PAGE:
Strengthening Constitutional Self-Government

No Left Turns

Roberts’s judicial restraint

This article nicely summarizes Jon Roberts’s record on the D.C. Court of Appeals. A couple of snippets:

"He’s a conservative. He’s not an extreme ideological conservative," said Thomas Goldstein, founder of Goldstein & Howe, a District-based law firm that specializes in Supreme Court cases. "He’s what I would call a federal-power conservative. I don’t think he’s a states-rights conservative, and I don’t think he’s an anti-government conservative. And this may reflect his time in the executive branch."

Bradford Berenson, who worked in the White House counsel’s office from 2001 to 2003, was among those whose recommended that President Bush put Judge Roberts on the first slate of candidates for appeals court slots.

He said Judge Roberts is "not the kind of judge you can predict based on the identity of the parties" or by the politics of the litigants.

"He wants to find the right answer, and he will go where the law takes him," Mr. Berenson said. "He’s an ump who calls the balls and strikes as he sees them."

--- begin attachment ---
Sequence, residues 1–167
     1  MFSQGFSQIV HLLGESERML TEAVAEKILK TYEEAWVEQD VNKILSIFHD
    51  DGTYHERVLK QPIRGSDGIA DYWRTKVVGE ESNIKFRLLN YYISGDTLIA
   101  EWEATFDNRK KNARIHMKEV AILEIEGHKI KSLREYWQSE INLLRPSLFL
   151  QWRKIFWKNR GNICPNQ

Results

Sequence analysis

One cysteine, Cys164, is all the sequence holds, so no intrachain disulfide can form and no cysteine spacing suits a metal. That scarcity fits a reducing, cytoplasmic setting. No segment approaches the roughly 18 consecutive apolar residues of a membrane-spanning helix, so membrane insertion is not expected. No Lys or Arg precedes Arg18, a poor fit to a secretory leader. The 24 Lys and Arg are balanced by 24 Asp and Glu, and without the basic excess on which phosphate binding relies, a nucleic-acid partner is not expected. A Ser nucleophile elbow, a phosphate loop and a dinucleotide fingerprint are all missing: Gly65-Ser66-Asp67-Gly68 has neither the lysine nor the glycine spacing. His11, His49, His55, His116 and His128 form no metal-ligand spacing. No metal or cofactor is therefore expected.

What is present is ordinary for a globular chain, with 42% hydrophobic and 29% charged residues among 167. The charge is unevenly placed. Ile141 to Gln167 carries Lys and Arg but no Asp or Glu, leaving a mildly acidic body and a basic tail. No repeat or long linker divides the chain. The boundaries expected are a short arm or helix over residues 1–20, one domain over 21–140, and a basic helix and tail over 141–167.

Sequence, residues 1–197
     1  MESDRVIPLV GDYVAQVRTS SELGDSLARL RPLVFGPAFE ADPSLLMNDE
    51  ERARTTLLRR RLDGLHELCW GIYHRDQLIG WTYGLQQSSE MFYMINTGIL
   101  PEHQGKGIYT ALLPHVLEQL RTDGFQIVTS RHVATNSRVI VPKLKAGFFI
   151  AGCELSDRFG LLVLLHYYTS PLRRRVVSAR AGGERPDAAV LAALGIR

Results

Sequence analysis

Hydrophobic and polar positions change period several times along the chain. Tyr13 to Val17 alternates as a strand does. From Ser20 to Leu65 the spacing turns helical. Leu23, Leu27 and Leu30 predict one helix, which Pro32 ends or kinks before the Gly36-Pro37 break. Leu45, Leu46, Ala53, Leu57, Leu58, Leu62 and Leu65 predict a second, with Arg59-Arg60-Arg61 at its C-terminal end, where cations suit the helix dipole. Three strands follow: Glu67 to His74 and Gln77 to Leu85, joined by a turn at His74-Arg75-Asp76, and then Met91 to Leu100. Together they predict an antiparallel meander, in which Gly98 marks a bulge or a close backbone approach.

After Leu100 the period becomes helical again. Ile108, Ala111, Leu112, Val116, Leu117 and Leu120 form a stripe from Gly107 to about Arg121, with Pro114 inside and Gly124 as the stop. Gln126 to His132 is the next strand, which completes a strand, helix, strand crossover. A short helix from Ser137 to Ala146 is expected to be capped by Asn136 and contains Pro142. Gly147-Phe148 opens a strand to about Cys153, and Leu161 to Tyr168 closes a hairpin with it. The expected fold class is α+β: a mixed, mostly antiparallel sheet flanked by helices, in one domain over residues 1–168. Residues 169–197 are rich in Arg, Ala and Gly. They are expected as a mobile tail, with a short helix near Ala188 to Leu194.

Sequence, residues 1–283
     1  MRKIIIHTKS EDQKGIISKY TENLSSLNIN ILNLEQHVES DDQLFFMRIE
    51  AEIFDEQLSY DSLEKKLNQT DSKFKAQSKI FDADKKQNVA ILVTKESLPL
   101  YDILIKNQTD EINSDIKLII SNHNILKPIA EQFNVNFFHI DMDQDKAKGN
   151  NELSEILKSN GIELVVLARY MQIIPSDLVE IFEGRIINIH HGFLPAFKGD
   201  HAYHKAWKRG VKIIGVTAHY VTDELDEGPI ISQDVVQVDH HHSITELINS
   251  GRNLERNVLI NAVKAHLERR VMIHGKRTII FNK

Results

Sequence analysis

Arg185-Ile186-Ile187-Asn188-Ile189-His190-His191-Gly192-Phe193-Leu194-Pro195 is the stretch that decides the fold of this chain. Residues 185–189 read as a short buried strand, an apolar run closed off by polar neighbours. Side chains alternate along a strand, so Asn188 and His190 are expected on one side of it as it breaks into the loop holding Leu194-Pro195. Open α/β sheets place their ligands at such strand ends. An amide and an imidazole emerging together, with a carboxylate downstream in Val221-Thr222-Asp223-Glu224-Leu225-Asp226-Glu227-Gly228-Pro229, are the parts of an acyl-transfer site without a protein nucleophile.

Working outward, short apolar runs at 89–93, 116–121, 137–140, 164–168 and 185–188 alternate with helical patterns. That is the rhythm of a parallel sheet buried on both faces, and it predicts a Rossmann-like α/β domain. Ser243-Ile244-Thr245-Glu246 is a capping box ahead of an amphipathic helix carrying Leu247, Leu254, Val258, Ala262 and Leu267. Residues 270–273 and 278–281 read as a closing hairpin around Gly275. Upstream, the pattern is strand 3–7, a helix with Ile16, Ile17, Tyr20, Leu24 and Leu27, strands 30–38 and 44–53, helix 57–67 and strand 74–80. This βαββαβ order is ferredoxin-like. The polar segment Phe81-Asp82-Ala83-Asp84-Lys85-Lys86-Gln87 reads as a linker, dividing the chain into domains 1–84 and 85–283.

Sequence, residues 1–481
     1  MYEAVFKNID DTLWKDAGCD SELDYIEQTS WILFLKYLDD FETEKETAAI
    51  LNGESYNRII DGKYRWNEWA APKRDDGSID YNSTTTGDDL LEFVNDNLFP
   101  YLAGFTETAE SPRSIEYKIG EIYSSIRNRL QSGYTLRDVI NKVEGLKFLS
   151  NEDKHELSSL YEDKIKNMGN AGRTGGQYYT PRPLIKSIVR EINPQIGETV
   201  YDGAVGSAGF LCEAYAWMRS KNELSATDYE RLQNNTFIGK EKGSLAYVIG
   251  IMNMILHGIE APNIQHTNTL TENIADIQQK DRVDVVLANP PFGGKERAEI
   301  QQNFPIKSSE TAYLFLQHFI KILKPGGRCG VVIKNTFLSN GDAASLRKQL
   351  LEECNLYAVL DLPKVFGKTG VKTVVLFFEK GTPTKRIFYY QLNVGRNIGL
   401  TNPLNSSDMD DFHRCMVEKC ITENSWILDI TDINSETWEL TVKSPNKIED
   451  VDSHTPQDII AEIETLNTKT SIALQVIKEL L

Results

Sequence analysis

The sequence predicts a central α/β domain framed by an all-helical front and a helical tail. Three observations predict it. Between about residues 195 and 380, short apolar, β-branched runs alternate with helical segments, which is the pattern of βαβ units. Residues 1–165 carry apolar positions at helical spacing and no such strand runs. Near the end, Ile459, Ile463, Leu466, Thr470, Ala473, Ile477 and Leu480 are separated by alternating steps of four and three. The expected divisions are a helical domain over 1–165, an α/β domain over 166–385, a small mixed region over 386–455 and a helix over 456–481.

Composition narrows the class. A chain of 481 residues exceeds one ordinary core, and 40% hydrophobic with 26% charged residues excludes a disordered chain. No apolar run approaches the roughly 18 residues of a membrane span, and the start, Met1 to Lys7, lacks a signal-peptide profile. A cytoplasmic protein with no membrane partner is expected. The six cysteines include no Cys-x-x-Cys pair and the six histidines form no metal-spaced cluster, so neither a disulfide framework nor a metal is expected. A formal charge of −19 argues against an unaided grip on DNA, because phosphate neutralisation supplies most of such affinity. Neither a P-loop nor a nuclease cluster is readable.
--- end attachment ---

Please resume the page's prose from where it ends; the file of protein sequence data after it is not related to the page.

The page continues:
Mr. Berenson said it is impossible to know how Judge Roberts would approach Supreme Court precedent were he to be confirmed to the high court.

"But everything we know about him thus far suggests he is rather more reluctant to do that than some of the more aggressive conservative judges," Mr. Berenson said.

Read the whole thing.

Discussions - 1 Comment

That is distressing. What is the point of having a ’federal power’ conservative versus a democrat appointee? Can the government still take our houses and give it to somebody else who might do better with it?

"...he will go where the law takes him" but what if the law takes him to someplace that is unjust? Will he say no or will he say that it is okay that the law is used to an unjust end? If it is the latter then he is going to be a terrible supreme court judge.

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